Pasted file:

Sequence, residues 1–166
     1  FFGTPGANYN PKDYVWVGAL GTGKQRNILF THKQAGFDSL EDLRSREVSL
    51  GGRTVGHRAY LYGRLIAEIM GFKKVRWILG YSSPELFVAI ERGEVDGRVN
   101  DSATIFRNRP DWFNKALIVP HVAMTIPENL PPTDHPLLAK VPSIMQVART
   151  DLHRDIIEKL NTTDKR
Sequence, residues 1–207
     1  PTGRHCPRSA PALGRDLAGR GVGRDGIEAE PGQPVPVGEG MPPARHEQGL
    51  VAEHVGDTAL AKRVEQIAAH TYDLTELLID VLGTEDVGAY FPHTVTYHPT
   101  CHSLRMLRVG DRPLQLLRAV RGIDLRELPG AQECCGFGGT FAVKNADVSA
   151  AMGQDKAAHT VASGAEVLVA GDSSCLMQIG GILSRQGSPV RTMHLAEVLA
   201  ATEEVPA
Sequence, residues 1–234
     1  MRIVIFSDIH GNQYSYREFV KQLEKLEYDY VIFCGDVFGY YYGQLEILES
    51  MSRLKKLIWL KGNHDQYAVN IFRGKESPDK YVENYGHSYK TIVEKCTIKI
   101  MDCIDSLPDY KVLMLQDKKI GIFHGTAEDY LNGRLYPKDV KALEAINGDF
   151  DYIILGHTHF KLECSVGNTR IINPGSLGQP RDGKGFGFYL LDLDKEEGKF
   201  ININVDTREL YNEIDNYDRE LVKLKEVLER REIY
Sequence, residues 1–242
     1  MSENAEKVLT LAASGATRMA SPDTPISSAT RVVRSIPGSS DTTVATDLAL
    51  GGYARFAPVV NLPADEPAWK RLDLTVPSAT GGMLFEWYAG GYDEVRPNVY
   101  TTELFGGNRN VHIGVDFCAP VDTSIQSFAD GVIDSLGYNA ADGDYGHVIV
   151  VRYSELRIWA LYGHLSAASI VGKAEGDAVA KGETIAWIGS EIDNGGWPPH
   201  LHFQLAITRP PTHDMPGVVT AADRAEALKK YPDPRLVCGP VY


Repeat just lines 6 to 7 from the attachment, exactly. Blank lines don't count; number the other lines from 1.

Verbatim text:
Sequence, residues 1–207
     1  PTGRHCPRSA PALGRDLAGR GVGRDGIEAE PGQPVPVGEG MPPARHEQGL